Overcoming Frustration

I’ve had a summer of frustration with my landscape photography. Time after time the weather looked very promising during the day. Come sunset all I met was dull gloomy, overcast conditions. On occasion this was after some very long drives.

I won’t lie – it has been getting me down. I see other photographers blogging or posting on social media all summer about how wonderful things are all the time. I had been experiencing the opposite. The sun seemed to break beautifully every time they ventured out, yet I was cursed with dull light. I was reaching a point where frustration was getting the better of me and I was considering looking for a different photographic genre to focus on. I had made some nice moody monochromatic long exposure images but had not shot a decent sunset in 3 months.

Frustration Overload

I had reached a point where I could not find the motivation to get out in the field anymore. I bemoaned this loudly to other photographers I know claiming “I’ve lost me Mojo”. I was a dark period and getting worse as I know winter is coming. One evening changed all this…..

Working in Sligo, I finished late with 45 minutes to sunset. With no hotel room booked I decided on a quick trip to the coast and then a long drive home in the dark. It was overcast as usual but at least I could check out a future spot or two for another time.

Gate Crashing

As I pulled up to my chosen location, I could see a small photography workshop taking place so I knew there must be potential here. Other photographers had chosen this place at this time of year so there must be something here. I jumped out, changed the clothes quickly and rudely gate crashed the workshop. The wind was howling and it was difficult to get a steady image from the top of the cliff where wind and sea spray was battering us. The workshop moved off leaving me with the place to myself – I hope it was the wind that made them pack up early and not me!! I could not get close enough to the action so I ventured down the cliff and picked a safe spot closer to where the waves were breaking. Finally I got a good shot in the bag. The only one of the night but a good one. It was enough to encourage me and help me over my frustration.


What now?

3 hour drive home? No way – I was going to have to get up and drive half way back again the next morning. I quickly found a hotel, ate and got my head down. I had two possible locations picked for the next morning – my mojo was back…..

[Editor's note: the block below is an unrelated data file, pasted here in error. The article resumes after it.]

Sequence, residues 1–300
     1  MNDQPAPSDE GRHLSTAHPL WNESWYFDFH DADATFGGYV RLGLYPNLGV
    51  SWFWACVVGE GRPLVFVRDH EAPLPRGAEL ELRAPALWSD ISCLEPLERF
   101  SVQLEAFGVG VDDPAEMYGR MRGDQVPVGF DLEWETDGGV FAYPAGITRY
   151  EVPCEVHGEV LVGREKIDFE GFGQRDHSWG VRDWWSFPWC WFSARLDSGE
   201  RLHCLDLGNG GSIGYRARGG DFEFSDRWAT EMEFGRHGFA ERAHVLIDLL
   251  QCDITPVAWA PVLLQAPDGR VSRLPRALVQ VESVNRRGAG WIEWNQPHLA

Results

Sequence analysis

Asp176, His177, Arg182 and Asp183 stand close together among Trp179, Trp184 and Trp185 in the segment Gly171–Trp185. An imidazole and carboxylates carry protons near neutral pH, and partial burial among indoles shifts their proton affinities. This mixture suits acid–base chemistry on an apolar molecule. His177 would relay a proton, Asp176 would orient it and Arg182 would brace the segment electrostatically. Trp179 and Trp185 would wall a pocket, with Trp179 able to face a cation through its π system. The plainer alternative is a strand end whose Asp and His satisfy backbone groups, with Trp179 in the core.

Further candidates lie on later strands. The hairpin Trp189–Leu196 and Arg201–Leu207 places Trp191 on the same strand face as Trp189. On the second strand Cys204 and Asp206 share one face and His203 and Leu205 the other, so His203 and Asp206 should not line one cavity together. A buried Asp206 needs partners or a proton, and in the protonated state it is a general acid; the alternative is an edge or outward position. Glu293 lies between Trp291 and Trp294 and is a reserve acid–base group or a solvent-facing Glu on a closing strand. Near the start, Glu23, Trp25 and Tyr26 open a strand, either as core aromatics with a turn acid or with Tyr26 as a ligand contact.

The harder I work, the luckier I get…..

I struggled to get out of bed the next morning. 12 hours in a car the previous day was taking its toll on my back and hips. The little voice in my head eventually got the better of me and within 30 minutes I was on location waiting for the light with a coffee in hand. Horseshoe Valley is a location I have never been to but I’ve seen a limited number of images coming from it. Its been on the bucket list a while now. Light cloud blew in as the sun rose and illuminated the ridge of rock in the background perfectly – exactly as I had pre-visualized it. I could go to work now a happy man.


The light just kept getting better as it began to rain – I fully believe the atmosphere at sunrise or sunset is magical when you add in a couple of light showers and this was turning into one of those mornings. Any frustration I had experienced in previous months was completely forgotten. I simply turned the tripod around and this scene lay in front of me. How could I resist?


One more for the road!!

Driving back down the road to my backup location, I wondered could lightning strike twice? It looked duller now but I’d have a go as I don’t know when I will get back here. I set up my composition and stood waiting for the light to hit the mountain from the side. It was like a scene from Iceland but in Ireland. I have never seen another image from this spot so I’m claiming it as my own. Rains came and went, light got duller. Then it happened – briefly, but it happened and I was there to capture it.


In Summary

This will feel counter intuitive but the only way to overcome frustration is to stick at it until things come right. This may take weeks, it may take months but once that magic happens – the dull days are instantly forgotten. Get out there and keep shooting….

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